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Bangladesh forces main opposition newspaper to shut down

February 20, 2023

A judge has upheld the order from the Bangladeshi government on Dainik Dinkal daily. The South Asian country is ranked behind Afghanistan on press freedom.

Workers at Dainik Dinkal protest in Dhaka
Workers at Dainik Dinkal protest in DhakaImage: Munir Uz Zaman/AFP

Bangladesh's main opposition newspaper was forced to stop publication on Monday after a judge upheld a government order to shut it down. The move comes as journalists in the South Asian country face ever-growing pressure.

"The council rejected our appeal yesterday (Sunday), upholding the district magistrate's order to stop our publication," Shamsur Rahman Shimul Biswas, managing editor of the Dainik Dinkal newspaper told French news agency AFP.

The order accused the Bengali-language broadsheet of violating printing and publication laws.

The Dainik Dinkal has long been an important voice for the center-right BNP party. It covers stories that most mainstream newspapers, many of which are controlled by pro-government businessmen, often ignore. This includes what the BNP says are false arrests of its members and intimidation tactics from the government.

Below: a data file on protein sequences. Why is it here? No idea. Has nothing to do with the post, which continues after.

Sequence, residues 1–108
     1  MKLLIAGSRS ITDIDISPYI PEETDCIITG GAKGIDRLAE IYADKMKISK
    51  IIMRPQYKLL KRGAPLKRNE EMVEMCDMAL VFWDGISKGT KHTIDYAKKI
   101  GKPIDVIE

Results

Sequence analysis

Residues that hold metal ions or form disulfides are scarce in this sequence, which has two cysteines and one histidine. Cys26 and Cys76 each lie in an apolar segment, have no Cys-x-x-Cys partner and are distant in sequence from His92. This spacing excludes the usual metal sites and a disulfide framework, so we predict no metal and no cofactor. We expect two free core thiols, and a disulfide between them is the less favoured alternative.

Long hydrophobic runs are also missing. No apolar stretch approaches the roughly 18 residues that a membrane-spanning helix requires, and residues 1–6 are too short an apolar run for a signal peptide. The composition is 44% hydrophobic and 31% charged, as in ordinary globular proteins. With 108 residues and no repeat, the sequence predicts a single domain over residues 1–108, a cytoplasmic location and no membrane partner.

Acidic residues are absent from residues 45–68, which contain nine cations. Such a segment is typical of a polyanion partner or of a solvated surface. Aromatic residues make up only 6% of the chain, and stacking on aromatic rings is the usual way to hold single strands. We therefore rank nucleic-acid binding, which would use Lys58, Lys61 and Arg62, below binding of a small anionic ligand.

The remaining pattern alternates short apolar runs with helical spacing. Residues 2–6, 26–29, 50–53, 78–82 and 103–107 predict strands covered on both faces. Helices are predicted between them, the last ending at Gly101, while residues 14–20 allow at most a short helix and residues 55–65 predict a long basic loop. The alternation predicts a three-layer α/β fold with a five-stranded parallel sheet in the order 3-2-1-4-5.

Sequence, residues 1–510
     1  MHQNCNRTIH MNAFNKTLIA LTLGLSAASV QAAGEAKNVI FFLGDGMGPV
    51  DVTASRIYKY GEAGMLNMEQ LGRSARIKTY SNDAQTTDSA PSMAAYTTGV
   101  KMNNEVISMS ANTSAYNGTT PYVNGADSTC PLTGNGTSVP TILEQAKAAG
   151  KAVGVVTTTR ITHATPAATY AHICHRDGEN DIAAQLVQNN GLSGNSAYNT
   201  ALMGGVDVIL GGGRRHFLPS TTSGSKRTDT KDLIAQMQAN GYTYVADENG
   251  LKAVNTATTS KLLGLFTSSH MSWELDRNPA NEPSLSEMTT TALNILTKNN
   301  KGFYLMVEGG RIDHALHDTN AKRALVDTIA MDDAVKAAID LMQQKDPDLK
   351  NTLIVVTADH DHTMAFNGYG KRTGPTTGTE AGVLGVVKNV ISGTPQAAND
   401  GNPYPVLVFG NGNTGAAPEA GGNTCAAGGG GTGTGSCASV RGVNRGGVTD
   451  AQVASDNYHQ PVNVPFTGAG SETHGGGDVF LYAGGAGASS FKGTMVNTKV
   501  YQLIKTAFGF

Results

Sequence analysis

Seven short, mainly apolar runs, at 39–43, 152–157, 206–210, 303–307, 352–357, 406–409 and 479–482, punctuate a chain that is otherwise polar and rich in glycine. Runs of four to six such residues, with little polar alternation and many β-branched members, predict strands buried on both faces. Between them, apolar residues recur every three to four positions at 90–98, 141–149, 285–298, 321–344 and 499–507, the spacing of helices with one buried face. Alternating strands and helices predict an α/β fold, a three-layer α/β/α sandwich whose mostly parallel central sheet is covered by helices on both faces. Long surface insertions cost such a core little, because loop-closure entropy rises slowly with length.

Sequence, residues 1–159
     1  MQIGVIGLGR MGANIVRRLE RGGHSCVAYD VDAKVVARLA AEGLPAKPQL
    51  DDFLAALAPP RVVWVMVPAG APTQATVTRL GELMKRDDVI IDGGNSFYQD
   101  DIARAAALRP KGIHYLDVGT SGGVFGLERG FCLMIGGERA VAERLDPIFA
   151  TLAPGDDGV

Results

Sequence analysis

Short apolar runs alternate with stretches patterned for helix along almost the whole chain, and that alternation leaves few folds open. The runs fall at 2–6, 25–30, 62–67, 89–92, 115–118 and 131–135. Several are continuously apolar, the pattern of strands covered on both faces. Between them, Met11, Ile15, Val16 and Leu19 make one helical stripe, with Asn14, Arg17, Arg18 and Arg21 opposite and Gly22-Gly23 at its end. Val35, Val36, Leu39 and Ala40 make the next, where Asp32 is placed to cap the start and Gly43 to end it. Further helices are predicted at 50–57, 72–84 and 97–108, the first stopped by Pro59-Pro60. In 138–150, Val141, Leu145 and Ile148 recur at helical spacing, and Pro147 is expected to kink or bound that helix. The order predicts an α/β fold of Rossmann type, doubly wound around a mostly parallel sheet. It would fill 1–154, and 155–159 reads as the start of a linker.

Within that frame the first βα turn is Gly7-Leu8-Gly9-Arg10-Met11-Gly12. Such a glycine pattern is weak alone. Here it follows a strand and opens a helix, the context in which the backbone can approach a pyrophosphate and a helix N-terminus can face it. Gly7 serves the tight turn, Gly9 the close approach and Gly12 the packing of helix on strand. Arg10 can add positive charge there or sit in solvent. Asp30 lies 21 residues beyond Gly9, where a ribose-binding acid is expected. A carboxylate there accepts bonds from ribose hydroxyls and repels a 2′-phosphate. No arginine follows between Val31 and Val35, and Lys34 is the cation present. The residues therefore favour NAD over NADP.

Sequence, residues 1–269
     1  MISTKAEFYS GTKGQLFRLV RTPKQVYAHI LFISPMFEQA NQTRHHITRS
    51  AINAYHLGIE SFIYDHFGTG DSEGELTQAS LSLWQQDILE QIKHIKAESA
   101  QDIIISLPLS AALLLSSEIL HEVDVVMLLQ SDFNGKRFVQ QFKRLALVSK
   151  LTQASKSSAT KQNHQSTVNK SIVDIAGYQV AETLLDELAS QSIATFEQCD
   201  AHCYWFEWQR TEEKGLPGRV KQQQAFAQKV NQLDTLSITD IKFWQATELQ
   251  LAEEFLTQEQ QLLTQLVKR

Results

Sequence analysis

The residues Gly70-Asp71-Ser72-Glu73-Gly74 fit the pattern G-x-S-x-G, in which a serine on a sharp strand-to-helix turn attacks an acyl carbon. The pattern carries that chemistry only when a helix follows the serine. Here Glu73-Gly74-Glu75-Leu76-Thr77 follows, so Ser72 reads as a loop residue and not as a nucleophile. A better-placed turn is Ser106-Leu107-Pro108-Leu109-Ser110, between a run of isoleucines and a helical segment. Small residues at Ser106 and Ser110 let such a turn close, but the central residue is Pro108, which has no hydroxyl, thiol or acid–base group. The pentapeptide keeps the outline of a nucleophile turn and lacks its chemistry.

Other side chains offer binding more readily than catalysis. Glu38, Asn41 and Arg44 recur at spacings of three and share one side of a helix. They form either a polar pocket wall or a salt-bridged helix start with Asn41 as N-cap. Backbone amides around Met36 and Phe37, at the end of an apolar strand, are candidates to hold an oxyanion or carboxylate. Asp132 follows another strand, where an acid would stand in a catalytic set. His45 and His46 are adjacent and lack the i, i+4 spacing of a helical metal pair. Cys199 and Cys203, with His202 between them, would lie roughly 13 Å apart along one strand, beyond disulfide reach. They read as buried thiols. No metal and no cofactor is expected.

It also employs hundreds of journalists and other workers, most of whom were out in the streets of the capital Dhaka on Monday to protest the government and its shutdown order.

Bangladesh ranks behind Afghanistan on press freedom

Observers and foreign powers like the United States have warned that Prime Minister Sheikh Hasina was in the midst of a media crackdown, a sign of increasingly authoritarian rule in Bangladesh.

In January, the government demanded some 191 news websites cease publication due to them publishing "anti-state news."

Since 2018, the country's draconian Digital Security Act has increasingly put the livelihoods of opposition journalists at risk. The 2022 World Press Freedom Index put together by Reporters Without Borders ranked Bangladesh 162nd in the world, making it worse than Russia (155) and Afghanistan (156).

es/dj (AFP, EFE)